• Neuropathology
    • CT or MRI in infancy may be normal
    • Later studies will show diffuse, symmetrical white matter changes and possible involvement of cerebellum and brainstem
    • Subcortical spongy degeneration
    • Distorted mitochondria


  • Diagnostic testing
    • Increased levels of N-acetylaspartic acid (NAA) in urine
      • Measure using gas chromatography-mass spectrometry
      • Can also find elevated levels in blood and cerebrospinal fluid of older children
    • Aspartoacylase enzymatic activity
      • Can be measured in cultured skin fibroblasts
        • Affected patients have unmeasurable activity
        • Carriers have about ½ normal activity
      • Not detectable in white blood cells
      • Cannot be used for prenatal diagnosis because normal enzyme levels very low in amniocytes and CVS tissue
    • Can do molecular testing to confirm diagnosis
  • Molecular testing
    • Primarily used for:
      • Identify specific mutation in affected individuals
      • Carrier testing of individuals of Ashenazi Jewish heritage
      • Carrier testing for individuals with affected family members and their spouses
      • Prenatal testing for at-risk pregnancies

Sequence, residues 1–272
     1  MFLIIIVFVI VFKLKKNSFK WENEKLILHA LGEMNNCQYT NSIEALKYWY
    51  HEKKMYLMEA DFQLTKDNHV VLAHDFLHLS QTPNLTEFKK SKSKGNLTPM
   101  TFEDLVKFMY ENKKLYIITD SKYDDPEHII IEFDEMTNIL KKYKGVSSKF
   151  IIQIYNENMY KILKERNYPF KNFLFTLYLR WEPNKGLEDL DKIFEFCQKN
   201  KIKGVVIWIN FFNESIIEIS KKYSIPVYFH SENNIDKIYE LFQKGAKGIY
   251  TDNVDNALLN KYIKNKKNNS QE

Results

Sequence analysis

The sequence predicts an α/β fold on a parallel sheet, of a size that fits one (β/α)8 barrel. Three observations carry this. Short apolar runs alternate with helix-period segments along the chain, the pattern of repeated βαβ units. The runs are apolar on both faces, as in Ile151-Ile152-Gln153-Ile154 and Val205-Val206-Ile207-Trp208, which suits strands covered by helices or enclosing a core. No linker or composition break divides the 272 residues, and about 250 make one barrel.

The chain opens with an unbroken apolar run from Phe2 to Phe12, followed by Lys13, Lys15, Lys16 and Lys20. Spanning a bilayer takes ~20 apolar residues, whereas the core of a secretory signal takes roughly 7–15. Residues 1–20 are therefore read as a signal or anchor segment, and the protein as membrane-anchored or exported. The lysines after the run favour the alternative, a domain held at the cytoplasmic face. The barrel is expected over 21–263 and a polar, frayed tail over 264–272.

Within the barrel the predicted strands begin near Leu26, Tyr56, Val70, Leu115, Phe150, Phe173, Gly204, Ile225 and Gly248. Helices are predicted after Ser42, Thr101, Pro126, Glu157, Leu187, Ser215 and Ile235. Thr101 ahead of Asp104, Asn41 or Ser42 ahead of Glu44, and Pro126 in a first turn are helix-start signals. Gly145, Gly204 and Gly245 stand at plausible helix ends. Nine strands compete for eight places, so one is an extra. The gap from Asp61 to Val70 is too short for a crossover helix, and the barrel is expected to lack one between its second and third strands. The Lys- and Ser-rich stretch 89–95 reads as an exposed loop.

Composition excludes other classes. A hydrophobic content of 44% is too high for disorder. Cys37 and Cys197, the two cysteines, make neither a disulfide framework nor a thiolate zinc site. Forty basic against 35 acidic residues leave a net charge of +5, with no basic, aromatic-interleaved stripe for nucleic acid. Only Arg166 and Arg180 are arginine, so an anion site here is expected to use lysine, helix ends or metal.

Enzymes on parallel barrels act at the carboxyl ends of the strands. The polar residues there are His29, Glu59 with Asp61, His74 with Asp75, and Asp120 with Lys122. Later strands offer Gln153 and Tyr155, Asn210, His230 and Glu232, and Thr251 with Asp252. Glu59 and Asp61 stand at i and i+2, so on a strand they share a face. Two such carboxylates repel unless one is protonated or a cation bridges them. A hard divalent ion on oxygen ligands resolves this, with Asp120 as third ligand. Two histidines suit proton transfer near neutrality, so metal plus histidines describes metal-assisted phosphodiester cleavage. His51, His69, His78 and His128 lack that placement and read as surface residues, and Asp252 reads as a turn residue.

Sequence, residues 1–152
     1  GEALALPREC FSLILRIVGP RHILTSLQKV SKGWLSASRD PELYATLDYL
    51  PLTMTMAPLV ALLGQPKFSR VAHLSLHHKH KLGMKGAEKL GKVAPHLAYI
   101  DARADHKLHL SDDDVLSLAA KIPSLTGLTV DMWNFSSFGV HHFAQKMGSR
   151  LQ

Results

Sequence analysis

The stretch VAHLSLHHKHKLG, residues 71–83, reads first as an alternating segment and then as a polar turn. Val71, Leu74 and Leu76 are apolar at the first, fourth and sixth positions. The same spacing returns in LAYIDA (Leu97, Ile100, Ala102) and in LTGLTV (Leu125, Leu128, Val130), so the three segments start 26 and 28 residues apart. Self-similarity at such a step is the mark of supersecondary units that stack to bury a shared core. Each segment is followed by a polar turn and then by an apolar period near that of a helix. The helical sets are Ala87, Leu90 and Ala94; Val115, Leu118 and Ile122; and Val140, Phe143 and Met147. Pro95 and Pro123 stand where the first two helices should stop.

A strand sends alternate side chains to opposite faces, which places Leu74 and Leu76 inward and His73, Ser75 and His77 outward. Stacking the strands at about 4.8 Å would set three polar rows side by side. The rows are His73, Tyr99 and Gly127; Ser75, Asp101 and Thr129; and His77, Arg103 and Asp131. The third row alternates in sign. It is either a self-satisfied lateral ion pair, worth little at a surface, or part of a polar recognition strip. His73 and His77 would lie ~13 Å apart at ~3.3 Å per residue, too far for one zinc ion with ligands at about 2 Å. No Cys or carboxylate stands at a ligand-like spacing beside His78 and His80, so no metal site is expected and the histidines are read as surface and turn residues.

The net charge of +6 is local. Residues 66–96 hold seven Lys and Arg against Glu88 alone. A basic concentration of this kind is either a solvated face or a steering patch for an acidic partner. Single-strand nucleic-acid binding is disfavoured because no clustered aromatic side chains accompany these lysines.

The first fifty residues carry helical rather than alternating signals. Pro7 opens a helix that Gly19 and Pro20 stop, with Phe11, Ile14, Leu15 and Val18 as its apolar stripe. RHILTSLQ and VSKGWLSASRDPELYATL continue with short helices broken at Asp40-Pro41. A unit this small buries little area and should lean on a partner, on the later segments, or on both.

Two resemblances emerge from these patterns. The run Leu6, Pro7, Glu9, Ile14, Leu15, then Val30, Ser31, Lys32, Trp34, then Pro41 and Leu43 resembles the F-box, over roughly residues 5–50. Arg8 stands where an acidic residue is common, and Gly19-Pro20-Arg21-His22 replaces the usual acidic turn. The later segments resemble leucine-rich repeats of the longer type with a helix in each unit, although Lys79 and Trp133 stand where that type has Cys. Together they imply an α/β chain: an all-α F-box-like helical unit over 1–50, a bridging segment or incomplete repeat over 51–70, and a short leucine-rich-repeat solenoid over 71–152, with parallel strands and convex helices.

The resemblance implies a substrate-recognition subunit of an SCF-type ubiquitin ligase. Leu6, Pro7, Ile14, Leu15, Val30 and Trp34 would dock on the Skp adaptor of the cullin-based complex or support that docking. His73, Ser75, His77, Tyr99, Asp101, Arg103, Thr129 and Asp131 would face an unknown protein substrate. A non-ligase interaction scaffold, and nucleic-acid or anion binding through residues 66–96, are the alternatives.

• Most labs use a two allele panel for testing
      • Some labs use three allele panel
        • Detects 99% of mutations in Ashkenazi Jewish population
        • Detects only about 55% of mutations in other populations
      • Testing for remaining mutations is on research basis only
    • Population Screening
      • Initiated for Jewish individuals of reproductive age recommended by American College of Medical Genetics and American College of Obstetricians and Gynecologists
      • Couples and partners who are carriers can be made aware of risks and status before having children
    • In the US and Canada, 27 labs offer testing
      • Genetics and IVF Institute - Fairfax, Virginia
        • Ashkenazi Jewish Recessive Disease panel
          • Blood samples only (5-10 cc in lavender topped tube)
          • Ship at room temperature
          • Package to screen for most common mutations causing Tay-Sachs, Gaucher Disease, Canavan Disease, and Cystic Fibrosis
          • Screens for 3 most common Canavan mutations
          • No prenatal diagnosis
          • Turn around time is 10-14 days
        • Canavan Disease testing
          • Blood samples same as above
          • Amniotic fluid:
            • <15 weeks send 2 confluent T25 flasks
            • >15 weeks send 5 ml unspun fluid and keep backup cultures at our facility